The day's purportedly most important meal is more than meets the eye: science shows that the when and what of your breakfast transforms how your mind works the rest of the day.
How so? As a new paper published in the Frontiers of Human Neuroscience argues, breaking your fast is a many-faceted thing. Authors Tanya and Eugene Zilberter scoop up platefuls of research on meals and contend that breakfast in many ways shapes who you are—whether you can handle glucose or not, how old you are, and other factors—and what you're eating has different outcomes for your mental life.
Breakfast is really, really good for kids.
You probably want to eat rice.
The staple food you eat affects the way your brain grows. A 2010 Japanese study tracked the brains of students whose breakfasts were based on rice versus those based on bread. The rice eaters, the authors found, had significantly higher volumes of gray matter, which is associated with a higher IQ.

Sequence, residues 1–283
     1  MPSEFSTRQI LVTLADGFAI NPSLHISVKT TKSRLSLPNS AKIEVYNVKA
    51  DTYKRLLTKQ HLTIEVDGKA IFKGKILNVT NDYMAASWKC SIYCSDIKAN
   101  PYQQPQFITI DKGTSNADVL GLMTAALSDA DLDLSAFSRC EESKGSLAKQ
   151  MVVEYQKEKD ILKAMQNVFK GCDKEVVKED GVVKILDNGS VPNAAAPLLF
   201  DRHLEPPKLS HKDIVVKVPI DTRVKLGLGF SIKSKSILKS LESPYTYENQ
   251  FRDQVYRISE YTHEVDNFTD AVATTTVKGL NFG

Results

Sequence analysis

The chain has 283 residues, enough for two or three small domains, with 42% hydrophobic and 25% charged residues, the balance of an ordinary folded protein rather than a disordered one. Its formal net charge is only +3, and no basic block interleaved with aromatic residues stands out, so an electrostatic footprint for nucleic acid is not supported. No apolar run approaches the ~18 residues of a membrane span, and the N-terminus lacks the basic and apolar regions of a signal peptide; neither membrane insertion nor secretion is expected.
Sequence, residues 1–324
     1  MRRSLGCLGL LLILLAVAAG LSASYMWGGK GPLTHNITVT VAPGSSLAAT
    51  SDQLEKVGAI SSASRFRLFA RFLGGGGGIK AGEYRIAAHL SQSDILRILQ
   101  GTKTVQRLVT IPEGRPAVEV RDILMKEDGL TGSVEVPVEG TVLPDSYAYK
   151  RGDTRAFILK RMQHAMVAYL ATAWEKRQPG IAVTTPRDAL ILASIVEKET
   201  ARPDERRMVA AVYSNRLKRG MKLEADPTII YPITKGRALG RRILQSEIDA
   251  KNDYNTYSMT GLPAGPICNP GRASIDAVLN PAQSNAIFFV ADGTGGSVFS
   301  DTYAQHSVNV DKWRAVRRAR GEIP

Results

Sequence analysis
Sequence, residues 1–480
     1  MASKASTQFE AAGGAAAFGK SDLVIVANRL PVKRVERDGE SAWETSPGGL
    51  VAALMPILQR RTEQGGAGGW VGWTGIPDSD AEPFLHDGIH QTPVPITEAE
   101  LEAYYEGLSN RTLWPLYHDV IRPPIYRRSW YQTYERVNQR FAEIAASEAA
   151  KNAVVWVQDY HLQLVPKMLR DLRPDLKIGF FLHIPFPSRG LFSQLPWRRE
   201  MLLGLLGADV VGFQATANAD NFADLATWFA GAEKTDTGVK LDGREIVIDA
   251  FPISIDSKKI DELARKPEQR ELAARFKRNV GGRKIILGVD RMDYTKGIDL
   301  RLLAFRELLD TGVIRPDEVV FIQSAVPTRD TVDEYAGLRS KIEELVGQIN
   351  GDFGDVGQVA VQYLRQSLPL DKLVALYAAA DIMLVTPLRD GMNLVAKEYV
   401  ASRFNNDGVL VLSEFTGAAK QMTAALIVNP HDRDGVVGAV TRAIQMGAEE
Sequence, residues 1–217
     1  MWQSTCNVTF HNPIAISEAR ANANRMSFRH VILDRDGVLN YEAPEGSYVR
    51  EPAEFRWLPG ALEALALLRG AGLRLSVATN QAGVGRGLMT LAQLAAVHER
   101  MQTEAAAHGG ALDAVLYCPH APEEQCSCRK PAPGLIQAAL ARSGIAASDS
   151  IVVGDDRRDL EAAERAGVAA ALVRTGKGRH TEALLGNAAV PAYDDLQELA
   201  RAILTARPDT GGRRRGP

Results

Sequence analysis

Don't load up on carbs
A Swiss study found that the ratio of carbohydrates to proteins in your breakfast affects your thinking through your morning. People who ate a protein-rich or balanced breakfast had higher cognitive performance than those who ate mostly carbohydrates.
So put the cereal away.
Hat tip: Frontiers in Human Neuroscience